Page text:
It’s finally done. When some people finish projects, they look back and say “well that went quickly”; this was not one of those projects. There was about 80 hrs of soldering, then there was the design, software, CAM, assembly, drilling, glueing, and going to CPC to buy cables. This was not a quickie. In case you have not been reading the past posts, then I shall brief you. I previously built an 8×8 ping-pong matrix with a colorduino. Then I ran out of creativity, so decided that my next project would be the same, but bigger. I quickly realised that the colorduino was a no-go method, so quickly made up some really crappy PCBs (call it the beta ) with some 595s, BJTs and ethernet jacks. For reasons of shame they are not being Open Sourced, but never fear, the version 1.02 boards (which are smaller, and better in every way) WILL be released, and sold on www.dashroom66.com, along with kits (slightly modified based on lessons learned, and you probably don’t want my link on the bottom of it, do you?), component sets .etc (modified for compatibility with solderlab code, as I can’t release my modified code die to copyright, and mine is still not perfect). Some technical details (here comes the maths) will also be on there, with some help for those designing there own matrix (how one works, blah blah blah).
PLEA – I am 15, and therefore have no money, and am in the UK, so no kickstarter. V2 is in the pipeline, but needs prototyping. I cannot afford this. I rely on funds from kit sales, so please make your way to www.dashroom66.com AND BUY STUFF, thanks.
Back to normality, the software. As I was replying to comments on the youtube video for the original matrix, in the suggested videos I saw what must be the most amazing coincidence ever. A ping-pong LED matrix EXACTLY the same size as the one I was making (laser cutting at the time). I then proceeded to their website (now http://solderlab.de/) and downloaded their source. After a bit of compatibility modification I had their PC software up and running, and pushing frames perfectly. (I have my own in the pipeline, but not as good, yet). I also took some (quite a lot) of sections from their arduino and used them or learned from them for my own firmware. PLEASE, LOOK AT THEIR SITE, THEY ARE AWESOME. Yet more wonders of open source (or close to, there are some copyright issues for me selling the boards).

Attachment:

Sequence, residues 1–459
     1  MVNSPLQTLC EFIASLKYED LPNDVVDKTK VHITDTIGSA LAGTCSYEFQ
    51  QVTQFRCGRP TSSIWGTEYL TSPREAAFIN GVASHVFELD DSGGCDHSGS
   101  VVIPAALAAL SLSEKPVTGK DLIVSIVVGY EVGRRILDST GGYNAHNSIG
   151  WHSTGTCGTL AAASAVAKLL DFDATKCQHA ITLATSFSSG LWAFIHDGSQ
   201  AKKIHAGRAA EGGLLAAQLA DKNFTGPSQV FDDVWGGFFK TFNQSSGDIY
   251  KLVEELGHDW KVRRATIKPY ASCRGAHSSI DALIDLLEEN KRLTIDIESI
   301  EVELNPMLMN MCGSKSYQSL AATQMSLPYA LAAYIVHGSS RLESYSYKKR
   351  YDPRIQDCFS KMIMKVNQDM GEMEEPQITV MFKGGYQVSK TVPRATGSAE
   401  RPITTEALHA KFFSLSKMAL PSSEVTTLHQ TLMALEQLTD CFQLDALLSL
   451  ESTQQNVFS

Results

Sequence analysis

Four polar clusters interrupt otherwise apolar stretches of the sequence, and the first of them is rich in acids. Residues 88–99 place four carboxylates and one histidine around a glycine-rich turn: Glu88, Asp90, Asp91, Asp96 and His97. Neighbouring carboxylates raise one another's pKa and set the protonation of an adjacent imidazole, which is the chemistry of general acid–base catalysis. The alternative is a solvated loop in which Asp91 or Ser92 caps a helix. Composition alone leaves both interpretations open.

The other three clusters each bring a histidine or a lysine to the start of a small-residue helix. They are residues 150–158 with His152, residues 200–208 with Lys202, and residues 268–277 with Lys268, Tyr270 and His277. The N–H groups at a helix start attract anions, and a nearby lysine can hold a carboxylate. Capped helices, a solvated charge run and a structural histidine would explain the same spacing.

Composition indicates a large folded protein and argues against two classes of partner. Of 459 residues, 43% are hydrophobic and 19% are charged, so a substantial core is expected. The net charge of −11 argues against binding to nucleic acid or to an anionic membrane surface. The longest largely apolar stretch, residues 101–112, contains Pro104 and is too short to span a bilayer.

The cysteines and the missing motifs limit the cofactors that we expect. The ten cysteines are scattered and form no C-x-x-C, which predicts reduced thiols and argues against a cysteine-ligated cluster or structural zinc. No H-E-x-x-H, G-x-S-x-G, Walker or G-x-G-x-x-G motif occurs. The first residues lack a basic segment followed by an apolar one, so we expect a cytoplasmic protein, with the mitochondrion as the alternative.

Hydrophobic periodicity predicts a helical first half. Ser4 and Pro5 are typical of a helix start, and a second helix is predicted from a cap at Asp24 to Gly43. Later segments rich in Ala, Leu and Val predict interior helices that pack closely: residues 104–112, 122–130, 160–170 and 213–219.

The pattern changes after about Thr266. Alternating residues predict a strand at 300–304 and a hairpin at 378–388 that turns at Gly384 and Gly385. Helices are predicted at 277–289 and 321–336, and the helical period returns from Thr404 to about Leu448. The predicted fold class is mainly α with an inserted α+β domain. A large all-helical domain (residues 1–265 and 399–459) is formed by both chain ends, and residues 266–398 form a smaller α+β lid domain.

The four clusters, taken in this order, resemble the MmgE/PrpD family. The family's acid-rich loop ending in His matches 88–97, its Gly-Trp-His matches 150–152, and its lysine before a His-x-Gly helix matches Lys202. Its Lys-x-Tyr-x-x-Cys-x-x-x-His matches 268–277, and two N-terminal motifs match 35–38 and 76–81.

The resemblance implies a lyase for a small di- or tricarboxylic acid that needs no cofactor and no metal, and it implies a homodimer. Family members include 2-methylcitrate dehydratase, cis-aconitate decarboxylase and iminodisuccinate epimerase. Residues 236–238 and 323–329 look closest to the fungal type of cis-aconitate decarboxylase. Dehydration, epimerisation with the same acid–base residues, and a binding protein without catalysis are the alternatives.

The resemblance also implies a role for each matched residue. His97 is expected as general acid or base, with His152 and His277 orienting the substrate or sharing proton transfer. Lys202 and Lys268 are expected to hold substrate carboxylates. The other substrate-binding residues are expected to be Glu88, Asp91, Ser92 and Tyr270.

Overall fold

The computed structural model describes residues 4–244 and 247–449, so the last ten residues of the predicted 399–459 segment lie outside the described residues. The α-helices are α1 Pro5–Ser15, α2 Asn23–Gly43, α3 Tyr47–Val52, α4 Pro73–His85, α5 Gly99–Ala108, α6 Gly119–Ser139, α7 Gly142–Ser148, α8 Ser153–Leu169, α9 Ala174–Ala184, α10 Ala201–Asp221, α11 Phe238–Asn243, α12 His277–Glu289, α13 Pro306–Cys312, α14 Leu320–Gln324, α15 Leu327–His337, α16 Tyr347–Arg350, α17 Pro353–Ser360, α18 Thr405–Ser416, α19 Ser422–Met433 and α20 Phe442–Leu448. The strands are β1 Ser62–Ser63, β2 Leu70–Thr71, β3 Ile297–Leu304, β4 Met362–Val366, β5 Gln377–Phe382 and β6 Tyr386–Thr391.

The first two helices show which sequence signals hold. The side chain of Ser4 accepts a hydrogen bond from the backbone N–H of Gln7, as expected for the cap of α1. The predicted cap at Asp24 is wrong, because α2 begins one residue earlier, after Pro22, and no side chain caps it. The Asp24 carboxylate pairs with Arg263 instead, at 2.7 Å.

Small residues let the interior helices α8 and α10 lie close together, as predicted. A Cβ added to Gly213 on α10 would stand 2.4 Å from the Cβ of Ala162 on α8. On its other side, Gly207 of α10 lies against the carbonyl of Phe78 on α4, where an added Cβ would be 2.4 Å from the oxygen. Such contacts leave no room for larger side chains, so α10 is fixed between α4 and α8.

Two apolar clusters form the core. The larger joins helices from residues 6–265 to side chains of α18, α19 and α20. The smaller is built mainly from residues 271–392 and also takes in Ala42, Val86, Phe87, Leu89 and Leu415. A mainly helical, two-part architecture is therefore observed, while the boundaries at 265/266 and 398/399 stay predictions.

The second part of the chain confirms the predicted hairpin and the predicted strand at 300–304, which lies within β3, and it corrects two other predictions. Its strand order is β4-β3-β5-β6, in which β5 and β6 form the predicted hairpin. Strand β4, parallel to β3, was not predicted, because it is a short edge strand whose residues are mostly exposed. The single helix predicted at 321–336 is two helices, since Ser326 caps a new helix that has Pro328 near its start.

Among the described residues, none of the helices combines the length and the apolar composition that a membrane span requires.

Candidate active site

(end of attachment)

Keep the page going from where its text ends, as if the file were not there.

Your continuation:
I could go all into the details, but I shall give all the tech specs on dashroom66.com, where you are all heading to buy kits, AREN’T YOU. Suffice it to say that this is primarily for discos and similar, so lots of S2L, and very bright colours, just not a lot of them.
I could not have done this by myself, or afforded to do so, so here is a list of aiding parties
Stonyhurst Lighting Crew – After receiving the crash course in soldering, they soldered all the LEDs into grids, with only one board being messed up (you know who you are, Reece). They also put about £75 into the pot
Al Cringle (spelt wrong, I will change it) – Apparently using my idea of mending plates to join the panels was “not fast enough” for the school to use it, so I went down to Darwin, and we made a hook thingy (I say we, actually I did bugger all)
SCHOOL DT – Use of laser cutter, and huge discounts, and some freebies, and making all the GCSE students miss their coursework deadlines with me hogging the laser cutter.
MIDGET – Our robotics captain, he helped with a lot of gluing, AS HE IS THE GOD OF HOT GLUE GUNS !!!!!!!! (yes, midget, that was sarcasm)
SOLDERLAB – From whom the code was nicked http://solderlab.de/
I shall now leave you with some pictures…
DOWNLOAD FILES FROM www.dashroom66.com